Alcatel-Lucent’s (News - Alert) LifeTalk e-zine recently focused on the desire that we all have to life in a safe city and the complexity involved in creating such an environment. There is no denying this is a multi-faceted challenge which includes not just issues of economics and education but also the need to address such concerns as physical security, convenience, freedom, privacy and transparency. In fact, city developers and managers in looking at the development and deployment of smart grids need to make the use of the capabilities of an associated next generation communications network as a key enabler of enhanced public safety.
One of the articles in LifeTalk, Citizen Engagement Critical for Safe City Success, explores how communications-enabled transparency needs to be a priority. It notes that the more transparency a safe city network can deliver, the safer citizens will feel. The bottom line is that if citizens are not just aware but are in the loop at every step of the process, their sense of safety and security increases.
“There are many ways in which these technologies will affect the way people behave,” João Barros, Associate Professor of Electrical and Computer Engineering at the University of Porto, Portugal, and also Founding Director of its Institute for Telecommunications, shared in the Alcatel-Lucent article. “The most fundamental ones have to do with the way city managers and the citizens they serve make decisions, and the relationship between the two.”The author further noted how thoughtful efforts can be utilized to ensure the comfort and confidence of data-intensive smart cities. When citizens are included in the planning process and full disclosure is assured through transparency, the ongoing development and operations are more readily supported. The more transparent the process and the system, the safer its citizens will feel.
Barros notes that people tend to get worried when they discover a sensor system is deployed, yet no one asked them for input, told them why, or educated them on what is involved or the type of information that will be collected. When people are consulted from the beginning, the deployment of the system is much smoother and more successful. Likewise, usability is key to acceptance as citizens are prepared for the future.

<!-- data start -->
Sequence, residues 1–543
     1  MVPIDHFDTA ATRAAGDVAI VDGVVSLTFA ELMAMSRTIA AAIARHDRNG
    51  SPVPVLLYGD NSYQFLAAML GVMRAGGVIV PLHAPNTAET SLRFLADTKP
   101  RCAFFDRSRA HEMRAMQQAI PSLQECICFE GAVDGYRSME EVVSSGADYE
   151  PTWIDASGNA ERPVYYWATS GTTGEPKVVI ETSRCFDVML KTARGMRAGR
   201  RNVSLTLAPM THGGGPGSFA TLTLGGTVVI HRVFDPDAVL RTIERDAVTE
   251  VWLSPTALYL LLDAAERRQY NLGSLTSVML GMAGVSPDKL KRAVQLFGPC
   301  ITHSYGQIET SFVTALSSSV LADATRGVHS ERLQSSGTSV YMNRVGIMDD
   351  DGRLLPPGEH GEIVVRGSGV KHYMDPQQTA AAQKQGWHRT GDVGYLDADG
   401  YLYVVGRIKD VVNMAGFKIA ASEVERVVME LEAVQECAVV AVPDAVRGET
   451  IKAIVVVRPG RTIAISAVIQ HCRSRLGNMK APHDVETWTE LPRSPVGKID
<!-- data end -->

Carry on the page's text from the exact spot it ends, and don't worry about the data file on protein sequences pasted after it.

What does this future entail? According to Frost & Sullivan (News - Alert), it requires the shared technologies ranging from HD video to sensors to analytics and even smartphones, providing law enforcement and other agencies the opportunity to gather and interpret significant quantities of data and act effectively. To optimize this type of communication, while taking proper privacy precautions, it’s critical to implement an innovative gigabit fiber optic network, a Wi-Fi mesh network and utilize LTE wireless solutions. In fact, the reality is that a smart approach to leveraging a next generation communications network can actually increase public safety and the quality of life in a city while reducing costs.
The proof is in the execution
Chattanooga is one example of the progress toward a safe city. Part of the LifeTalk series includes an article, Chattanooga’s Safe City Orchestra. It highlights the city’s gigabit fiber optic and Wi-Fi mesh networks that have become powerful platforms for enhancing the efficiency of the city and public safety. These enhanced networking capabilities have enabled such things as HD surveillance and a smart streetlight system which will save the city $1 million each year. In addition, not just the perception but the reality of improved public safety is taking place as a result of police and fire departments enjoying superior response times, in addition to a range of other benefits.
Chattanooga plans to continue to leverage assets across multiple departments and missions to continue to drive savings across the board, while also creating a safe city for all. It is a city to keep an eye on for innovation and metrics for measuring success for any governmental entity looking to improve both safety and their citizens engagement.
Edited by Peter Bernstein